'Should interest rates continue rising, the financial stress will spread to mortgage holders. We may be transitioning to a society of debt slaves and the debt free.'


Infrastructure, which can be described as ‘sunk wealth’ – that is, the opposite of ‘sunk cost’, an investment that can’t be recovered – will not significantly change. In developed economies most of what is necessary tends to have been built a long time ago, and the main challenge is maintenance. Infrastructure’s value is not represented in conventional economic statistics, which are more about fast moving transactions, but it is critically important to quality of life. 

The big financial shocks are instead likely to come in two essential areas: shelter and energy. In Australia, shelter, housing, has become, due in large part to the combination of low interest rates and negative gearing tax advantages, as much an object of financial speculation as the various things associated with ‘having a roof over one’s head.’ It has led to massive distortions that are likely to continue causing instability for decades. The rental affordability crisis in capital cities is the latest version of these upheavals as investors increase rents to try to stop losing too much money (negative gearing is bizarrely a strategy based on making losses). Should interest rates continue rising, the financial stress will spread to mortgage holders. We may be transitioning to a society of debt slaves and the debt free.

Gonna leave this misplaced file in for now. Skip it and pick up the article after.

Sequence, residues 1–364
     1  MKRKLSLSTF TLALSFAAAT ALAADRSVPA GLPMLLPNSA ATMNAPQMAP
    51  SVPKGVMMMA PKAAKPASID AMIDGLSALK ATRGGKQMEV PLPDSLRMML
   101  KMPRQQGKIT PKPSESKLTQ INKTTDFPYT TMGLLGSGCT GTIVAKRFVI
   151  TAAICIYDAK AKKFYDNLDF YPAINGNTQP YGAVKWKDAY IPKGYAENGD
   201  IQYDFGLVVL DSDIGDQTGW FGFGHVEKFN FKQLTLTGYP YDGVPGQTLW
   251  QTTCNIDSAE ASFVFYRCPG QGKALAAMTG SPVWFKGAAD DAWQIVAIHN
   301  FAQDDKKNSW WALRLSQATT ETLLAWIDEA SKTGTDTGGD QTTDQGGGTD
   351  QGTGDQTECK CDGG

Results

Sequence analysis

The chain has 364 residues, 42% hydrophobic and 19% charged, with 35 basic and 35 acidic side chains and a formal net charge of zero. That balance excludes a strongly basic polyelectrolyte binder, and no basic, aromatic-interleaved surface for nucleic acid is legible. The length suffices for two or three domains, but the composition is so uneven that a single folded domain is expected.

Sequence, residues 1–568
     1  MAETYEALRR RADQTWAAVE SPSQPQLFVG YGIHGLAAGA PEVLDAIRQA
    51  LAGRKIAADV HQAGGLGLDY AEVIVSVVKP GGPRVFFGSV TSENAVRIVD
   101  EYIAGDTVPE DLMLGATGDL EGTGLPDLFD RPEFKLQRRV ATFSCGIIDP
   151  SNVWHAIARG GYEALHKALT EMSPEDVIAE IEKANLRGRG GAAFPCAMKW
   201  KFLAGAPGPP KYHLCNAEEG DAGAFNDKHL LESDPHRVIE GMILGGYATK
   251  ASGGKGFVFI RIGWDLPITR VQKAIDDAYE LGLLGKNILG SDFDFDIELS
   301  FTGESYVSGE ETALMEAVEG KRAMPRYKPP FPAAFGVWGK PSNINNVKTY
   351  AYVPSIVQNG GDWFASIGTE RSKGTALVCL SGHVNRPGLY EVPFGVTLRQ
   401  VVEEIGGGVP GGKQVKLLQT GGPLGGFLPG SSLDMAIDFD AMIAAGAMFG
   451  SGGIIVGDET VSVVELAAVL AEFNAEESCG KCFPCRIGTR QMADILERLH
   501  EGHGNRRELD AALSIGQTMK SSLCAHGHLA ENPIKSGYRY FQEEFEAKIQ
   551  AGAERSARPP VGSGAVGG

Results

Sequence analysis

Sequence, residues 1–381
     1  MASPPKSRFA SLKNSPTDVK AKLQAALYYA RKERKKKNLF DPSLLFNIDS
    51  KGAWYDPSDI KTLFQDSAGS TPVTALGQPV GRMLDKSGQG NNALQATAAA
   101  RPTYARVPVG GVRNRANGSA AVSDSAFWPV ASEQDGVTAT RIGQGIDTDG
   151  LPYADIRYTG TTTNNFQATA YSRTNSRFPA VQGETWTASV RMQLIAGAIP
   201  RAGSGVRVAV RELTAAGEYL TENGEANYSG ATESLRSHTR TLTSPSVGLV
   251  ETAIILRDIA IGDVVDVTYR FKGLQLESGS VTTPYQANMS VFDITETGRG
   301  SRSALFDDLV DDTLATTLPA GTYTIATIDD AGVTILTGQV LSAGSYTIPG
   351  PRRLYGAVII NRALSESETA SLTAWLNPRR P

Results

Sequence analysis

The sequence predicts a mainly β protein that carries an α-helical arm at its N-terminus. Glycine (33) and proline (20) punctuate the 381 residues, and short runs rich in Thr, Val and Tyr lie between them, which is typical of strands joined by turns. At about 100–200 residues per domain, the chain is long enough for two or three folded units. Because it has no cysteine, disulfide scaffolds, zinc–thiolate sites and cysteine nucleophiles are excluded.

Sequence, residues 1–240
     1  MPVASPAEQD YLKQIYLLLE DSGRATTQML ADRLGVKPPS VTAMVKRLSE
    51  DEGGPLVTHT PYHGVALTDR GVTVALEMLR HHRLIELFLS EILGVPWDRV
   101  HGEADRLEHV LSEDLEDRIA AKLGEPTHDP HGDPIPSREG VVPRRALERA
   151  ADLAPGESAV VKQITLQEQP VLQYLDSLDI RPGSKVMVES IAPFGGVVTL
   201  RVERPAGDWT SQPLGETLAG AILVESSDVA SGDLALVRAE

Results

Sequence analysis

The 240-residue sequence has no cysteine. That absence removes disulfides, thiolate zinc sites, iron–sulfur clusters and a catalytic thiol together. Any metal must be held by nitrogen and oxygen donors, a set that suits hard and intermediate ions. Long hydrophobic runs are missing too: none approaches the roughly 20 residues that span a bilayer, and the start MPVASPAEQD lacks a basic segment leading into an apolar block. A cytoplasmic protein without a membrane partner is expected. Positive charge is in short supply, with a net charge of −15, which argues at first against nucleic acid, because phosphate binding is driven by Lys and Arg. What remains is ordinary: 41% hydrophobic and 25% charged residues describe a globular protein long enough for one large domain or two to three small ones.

Changing the energy grid to accommodate net zero ambitions will cause even bigger disruptions. Goldman Sachs, the Bank of America and the United Nations have estimated that getting to net zero will cost somewhere between $US80 and $US150 trillion between now and 2050. For the investment community it looks like a bonanza. But who will pay that extraordinary amount? Consumers, of course, and it will mean that a much larger portion of household income will go towards just turning the lights on. The implications are yet to be fully understood, but, if pursued to their logical end, it will redefine what we mean by the cost of living.

It is always hard to separate actual economic reality from financial measures. Gold bugs, people who think we should go back to a monetary system backed by gold, are fond of observing that in 1972, when the US went off the gold standard, one dollar equalled 1000 milligrams of gold. Now, one dollar is worth 10 milligrams, a 99 per cent drop in value. 

They claim that shows just how much money has been devalued in our current system of ‘fiat currency’: money created through government edict, or fiat. But if that were really true then most of us would have starved to death. Monetary measures can be very misleading. To get a sense of where things are going it is better to start, not with the money patterns, but the basics of life.




David James is the managing editor of personalsuperinvestor.com.au. He has a PhD in English literature and is author of the musical comedy The Bard Bites Back, which is about Shakespeare's ghost.

Main image: (Getty images)

Topic tags: David James, Great reset, Inflation, Economics



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As always, readable, enlightening and sane. Thanks David

Steve Sinn | 12 October 2023